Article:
The cultural matrix in which the Nada-Brahman arose is itself a highly sonic one. Hindu India is a very pronounced performance culture with an exceptional value given to sound. In our book Sound and Communication. An aesthetic cultural history of Sanskrit Hinduism (Wilke&Moebus 2011) our major focus was not music, but the textual tradition, when calling Hindu India a highly sound-based culture, and presenting sound as a key medium of cultural re-production. However, what is said about linguistic sound is also basic for the native understanding of music, as linguistic sound reaches into the pre-terminological and non-semantic, and language and sound were always seen in unison in this cultural area. This had not only profound impact in the use of texts and in viewing language, but also influence in conceptualizing music. The Nada-Brahman discussion will show how little language and music are set apart.
Cultural framework: Sound instead of scripture
We deal with a cultural matrix where sound not scripture kept having priority through the ages. The preference of the spoken and sounding word is found from Vedic times to classical Sanskrit and vernacular literature and persists even today. The amazing continuity of this social practice is a unifying bond among the highly pluralistic Hindu religions. It cuts across traditions, historical changes, and even media transformations. Writing culture and book printing (introduced by the British) did not have the same sweeping effects as in Europe. Primary attention is given not to letter, but to voice.
The exceptional value of orality, memorizing systems and oral transmission from teacher to student has often been noticed, but it is necessary to be aware that sonality is equally important and has its own range and impact on perception. Through the ages, there was not only exceptional focus on the spoken word as major medium of communication, but also on the sounding word and its own range of expressivity, meaning and value – in performance, in poetic production and aesthetic reception, in philosophical and theological reflection and in the formation of symbols and world interpretation.
Texts in Hindu India are not meant for silent reading, but for hearing, even when they are written down. They are recited, memorized, sung, ritualized, preached, danced, and staged. They are performed in a semi-musical or musically pleasing way, and also composed to be heard – often the authors were very sensitive about sonic patterns and also about emotive contents and the communication of moods.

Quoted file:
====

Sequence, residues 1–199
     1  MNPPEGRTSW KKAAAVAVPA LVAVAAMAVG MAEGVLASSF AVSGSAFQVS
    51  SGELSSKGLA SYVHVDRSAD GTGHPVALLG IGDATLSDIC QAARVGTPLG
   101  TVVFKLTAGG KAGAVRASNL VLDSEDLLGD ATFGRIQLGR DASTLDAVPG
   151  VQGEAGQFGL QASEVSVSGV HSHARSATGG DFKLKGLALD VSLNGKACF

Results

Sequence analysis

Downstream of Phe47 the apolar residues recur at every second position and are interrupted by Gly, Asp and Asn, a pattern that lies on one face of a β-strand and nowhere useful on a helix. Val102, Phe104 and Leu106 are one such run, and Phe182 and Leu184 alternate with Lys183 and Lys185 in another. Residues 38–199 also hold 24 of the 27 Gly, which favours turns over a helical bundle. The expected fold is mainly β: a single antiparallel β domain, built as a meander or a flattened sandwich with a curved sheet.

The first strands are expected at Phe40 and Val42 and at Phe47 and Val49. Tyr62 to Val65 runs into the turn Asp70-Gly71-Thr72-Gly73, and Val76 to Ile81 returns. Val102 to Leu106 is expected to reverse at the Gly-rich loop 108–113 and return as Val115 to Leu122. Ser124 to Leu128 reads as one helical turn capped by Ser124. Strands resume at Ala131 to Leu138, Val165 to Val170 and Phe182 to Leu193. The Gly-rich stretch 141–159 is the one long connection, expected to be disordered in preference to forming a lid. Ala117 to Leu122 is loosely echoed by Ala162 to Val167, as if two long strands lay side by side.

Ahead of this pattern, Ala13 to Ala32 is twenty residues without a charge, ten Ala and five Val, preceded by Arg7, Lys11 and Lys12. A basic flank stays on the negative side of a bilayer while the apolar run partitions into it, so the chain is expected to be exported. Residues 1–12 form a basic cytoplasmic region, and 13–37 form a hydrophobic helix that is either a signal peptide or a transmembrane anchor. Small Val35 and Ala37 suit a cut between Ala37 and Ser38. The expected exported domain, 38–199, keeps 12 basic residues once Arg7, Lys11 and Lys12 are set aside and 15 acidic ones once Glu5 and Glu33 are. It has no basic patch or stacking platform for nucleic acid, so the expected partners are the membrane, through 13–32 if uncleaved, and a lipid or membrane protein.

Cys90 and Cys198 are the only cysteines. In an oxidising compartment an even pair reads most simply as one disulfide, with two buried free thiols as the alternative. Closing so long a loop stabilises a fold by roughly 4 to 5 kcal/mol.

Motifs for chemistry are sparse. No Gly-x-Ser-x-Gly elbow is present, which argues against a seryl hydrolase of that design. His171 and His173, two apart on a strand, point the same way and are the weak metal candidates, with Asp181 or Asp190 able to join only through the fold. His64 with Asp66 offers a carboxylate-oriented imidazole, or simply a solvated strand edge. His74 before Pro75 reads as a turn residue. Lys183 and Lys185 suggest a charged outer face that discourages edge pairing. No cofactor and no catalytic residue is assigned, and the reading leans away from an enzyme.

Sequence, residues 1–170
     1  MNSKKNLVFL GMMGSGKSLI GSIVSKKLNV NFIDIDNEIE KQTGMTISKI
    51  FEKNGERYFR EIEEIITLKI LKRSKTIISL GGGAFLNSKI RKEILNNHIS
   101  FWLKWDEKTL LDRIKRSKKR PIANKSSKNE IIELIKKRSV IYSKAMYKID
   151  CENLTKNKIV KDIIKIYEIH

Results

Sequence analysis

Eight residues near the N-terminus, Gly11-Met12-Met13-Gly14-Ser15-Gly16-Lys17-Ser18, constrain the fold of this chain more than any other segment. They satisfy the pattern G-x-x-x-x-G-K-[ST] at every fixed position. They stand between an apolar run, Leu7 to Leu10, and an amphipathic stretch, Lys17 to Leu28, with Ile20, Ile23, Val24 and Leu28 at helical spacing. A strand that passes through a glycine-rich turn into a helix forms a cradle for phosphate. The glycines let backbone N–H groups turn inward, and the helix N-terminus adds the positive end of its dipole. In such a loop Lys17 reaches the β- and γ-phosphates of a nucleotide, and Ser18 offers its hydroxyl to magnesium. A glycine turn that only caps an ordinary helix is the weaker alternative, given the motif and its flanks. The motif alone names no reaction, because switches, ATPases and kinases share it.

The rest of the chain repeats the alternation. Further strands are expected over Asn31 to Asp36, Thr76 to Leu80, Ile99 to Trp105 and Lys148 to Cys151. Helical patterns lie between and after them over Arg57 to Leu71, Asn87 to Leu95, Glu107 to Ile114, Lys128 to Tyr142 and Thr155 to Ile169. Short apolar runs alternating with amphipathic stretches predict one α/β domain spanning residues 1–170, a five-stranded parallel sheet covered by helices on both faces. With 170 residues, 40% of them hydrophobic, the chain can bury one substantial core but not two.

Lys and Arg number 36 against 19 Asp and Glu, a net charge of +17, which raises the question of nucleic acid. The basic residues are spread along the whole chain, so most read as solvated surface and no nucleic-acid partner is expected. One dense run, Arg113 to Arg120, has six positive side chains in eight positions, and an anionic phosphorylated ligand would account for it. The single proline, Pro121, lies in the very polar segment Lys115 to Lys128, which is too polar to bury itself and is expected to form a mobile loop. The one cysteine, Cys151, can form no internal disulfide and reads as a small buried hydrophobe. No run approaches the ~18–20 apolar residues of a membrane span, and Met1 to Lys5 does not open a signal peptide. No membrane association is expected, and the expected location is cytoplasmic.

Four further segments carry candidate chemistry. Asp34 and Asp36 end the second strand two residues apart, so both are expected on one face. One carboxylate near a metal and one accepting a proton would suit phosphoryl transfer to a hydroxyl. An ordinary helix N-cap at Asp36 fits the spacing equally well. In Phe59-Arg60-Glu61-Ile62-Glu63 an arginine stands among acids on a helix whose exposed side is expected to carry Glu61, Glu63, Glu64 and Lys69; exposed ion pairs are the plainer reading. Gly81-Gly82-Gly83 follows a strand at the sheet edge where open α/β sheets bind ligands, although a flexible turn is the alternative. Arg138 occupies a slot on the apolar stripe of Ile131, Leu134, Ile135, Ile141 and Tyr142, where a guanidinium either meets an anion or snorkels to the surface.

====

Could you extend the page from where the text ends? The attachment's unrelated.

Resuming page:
Sensory-emotive text reception
Texts in this cultural area are aesthetic events, embodied in the voice, and also received in a sensory-emotive way. As readings are performances and texts sound events, they are not restricted to semantic information, but speak as well strongly to the senses, the body, and the emotions. Sacredness in religious literature is not only found in words and phrases, but also in the auditory dimension. The semantic meaning can fade completely to the background or be not there at all in a lexical sense. This is particularly true for the mantras (sacred formulas) and devotional music – two major forms of religious practice.
The performative approach in which text, sound and ritual form a unity, created specific habitus forms, based on the inherent validity of sound as a medium of communication of its own. Acoustic piety plays a very dominant role in daily religious life and this goes along with specific forms of cultural knowledge, such as the belief that mantras have intrinsic power independent of the intention of the speaker, or that music can communicate devotion better than any words and tune directly into divine, or that merely hearing a religious text is auspicious and purifying.
Everyday life and scholarly traditions